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LAUREN: Forever AGE 14

Acute Lymphoblastic Leukemia


On April 23rd 2018, Lauren left us unexpectedly.  It was a tough battle for Lauren as she experienced many side effects that would make an ordinary person buckle.  But Lauren was no ordinary person.  She was tough as nails and fought every day with a smile and a sense of humour.  Her bravery was matched by her endless kindness and generosity as she strived to bring awareness to Childhood Cancer and to provide comfort to others fighting the same battle.  Lauren came from an amazingly loving family and she made such a huge impact on her extended Gold Family.  She will be missed more than words can say.  Rest peacefully Lauren, you have a beautiful soul and your light shines on.  

When our 12 year old daughter complained of her shoulder being sore; we had no idea that within weeks she would be diagnosed with ALL. Acute Lymphoblastic Leukaemia is the most common cancer diagnosed in children. The shoulder pain, along with other joint pains and lumps were small pieces of the puzzle that lead her paediatrician and the doctors at McMaster to that diagnosis. Since then, Lauren has undergone the rigorous treatment to rid her body of the cancer that threatened her life. Leukaemia treatments last for 2 years and 3 months following diagnosis. That is regardless of remission. So far Lauren has experienced, nausea, vomiting, hair loss, neuropathy, mouth sores, and a mini stroke. Her treatment will continue until July 2018. She has been unable to go to school full time since March. While she keeps a brave and courageous face, this has changed her, and it takes a toll on all of us.


Lauren is the youngest of four in our family. She has a step sister Sarah who is 28, a brother Theo who will soon be 18, and another brother Zach who is 16. Having a sibling who is critically ill is very difficult on Lauren's sister and brothers. While they all have experienced concern and worry, it's been especially hard on Zach. He was born with a congenital heart disease which threatened his life unless he received a heart transplant. He had that transplant when he was 9 1/2 weeks old. This was followed by a lifetime of medical interventions, including a second transplant at the age of four, which have saved his life, and have made him super sensitive to what his sister is enduring now.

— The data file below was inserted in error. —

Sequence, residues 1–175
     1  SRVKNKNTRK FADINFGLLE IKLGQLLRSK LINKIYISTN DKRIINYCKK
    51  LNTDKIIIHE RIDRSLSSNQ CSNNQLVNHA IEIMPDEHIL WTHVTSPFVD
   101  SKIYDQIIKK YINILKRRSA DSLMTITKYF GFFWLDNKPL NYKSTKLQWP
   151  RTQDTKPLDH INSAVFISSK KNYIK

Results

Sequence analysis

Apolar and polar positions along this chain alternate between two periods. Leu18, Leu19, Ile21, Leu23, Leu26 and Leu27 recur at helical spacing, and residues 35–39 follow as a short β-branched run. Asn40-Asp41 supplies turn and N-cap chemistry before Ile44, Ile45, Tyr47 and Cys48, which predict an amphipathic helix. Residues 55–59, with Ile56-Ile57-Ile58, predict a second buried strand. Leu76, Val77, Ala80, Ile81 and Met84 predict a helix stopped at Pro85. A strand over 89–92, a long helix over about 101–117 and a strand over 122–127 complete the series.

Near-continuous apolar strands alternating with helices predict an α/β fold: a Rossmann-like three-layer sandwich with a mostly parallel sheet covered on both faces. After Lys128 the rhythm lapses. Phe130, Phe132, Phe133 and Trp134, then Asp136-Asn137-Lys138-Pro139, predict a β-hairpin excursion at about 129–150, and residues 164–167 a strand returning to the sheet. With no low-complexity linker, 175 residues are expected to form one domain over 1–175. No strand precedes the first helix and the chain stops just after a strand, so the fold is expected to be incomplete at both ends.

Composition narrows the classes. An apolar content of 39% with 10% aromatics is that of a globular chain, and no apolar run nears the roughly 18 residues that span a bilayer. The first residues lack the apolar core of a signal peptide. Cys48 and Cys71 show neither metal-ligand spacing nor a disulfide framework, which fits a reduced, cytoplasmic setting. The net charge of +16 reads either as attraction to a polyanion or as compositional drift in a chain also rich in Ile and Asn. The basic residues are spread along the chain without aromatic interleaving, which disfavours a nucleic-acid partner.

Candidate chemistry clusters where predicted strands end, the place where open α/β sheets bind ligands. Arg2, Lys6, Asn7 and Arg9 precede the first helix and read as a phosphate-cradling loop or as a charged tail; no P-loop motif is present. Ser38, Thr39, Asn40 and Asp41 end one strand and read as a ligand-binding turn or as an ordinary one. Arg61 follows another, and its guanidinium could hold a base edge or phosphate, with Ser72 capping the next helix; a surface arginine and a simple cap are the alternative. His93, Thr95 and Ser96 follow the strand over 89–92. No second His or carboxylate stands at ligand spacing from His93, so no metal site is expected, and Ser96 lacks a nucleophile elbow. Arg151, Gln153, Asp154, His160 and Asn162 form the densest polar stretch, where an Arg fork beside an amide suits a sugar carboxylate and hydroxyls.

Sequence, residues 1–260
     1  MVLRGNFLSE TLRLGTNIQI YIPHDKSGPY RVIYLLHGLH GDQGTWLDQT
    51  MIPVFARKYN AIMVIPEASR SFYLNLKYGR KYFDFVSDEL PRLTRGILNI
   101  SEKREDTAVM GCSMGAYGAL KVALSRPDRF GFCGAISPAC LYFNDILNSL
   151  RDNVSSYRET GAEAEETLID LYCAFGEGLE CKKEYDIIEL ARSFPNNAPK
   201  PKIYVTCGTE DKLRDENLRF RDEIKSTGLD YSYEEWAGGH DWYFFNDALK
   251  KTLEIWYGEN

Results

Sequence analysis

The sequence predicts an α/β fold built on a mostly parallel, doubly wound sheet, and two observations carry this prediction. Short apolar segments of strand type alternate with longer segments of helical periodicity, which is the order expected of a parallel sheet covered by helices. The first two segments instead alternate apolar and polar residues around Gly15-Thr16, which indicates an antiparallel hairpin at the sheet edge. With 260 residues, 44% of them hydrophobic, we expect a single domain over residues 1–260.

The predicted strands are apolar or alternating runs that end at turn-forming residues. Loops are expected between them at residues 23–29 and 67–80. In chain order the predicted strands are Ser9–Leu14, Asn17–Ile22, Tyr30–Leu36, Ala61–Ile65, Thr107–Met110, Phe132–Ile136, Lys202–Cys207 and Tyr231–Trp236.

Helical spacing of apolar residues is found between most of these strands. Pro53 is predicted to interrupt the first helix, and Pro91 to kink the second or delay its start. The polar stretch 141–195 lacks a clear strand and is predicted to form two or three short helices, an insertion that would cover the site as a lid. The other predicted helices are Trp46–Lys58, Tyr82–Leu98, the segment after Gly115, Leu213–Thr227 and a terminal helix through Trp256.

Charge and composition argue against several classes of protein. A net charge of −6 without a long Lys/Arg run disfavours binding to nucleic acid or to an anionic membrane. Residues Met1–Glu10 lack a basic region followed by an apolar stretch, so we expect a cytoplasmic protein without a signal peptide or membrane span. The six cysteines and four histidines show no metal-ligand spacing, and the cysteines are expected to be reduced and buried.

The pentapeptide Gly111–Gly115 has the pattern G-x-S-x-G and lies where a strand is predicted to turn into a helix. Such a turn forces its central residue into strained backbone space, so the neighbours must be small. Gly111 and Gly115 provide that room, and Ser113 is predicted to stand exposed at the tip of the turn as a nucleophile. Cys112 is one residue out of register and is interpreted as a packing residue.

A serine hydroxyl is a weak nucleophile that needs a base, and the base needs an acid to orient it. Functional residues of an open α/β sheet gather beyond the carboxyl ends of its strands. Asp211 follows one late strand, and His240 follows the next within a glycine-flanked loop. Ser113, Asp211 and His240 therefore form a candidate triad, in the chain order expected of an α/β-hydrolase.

Recently, the same week that Lauren had the stroke, her brother Theo was taken to our local emergency. After being admitted, and undergoing tests and treatment for dehydration, he was transferred to McMaster in Hamilton for further testing. He was diagnosed with a rare disease called Addison's that will require lifelong medication and monitoring so that it doesn't become fatal. Our family has taken on tremendous medical obstacles over the last sixteen years. We have taken it all on with the strength of our love for one another, and the support from family and friends. When we look towards the future, we hope for good health, days without chemo and nurses, and doctors, and worry. One of the consistent side effects of treatment for leukaemia is the inability to fight off illnesses. Her body is now much more susceptible to any bacteria and viruses, so hospital stays are more frequent. We are one of many families in Cambridge shouldering the weight of cancer with their child. It is a a strain physically, emotionally and financially. We know that resilience is a big part of recovery, and we remain as positive as we can throughout.

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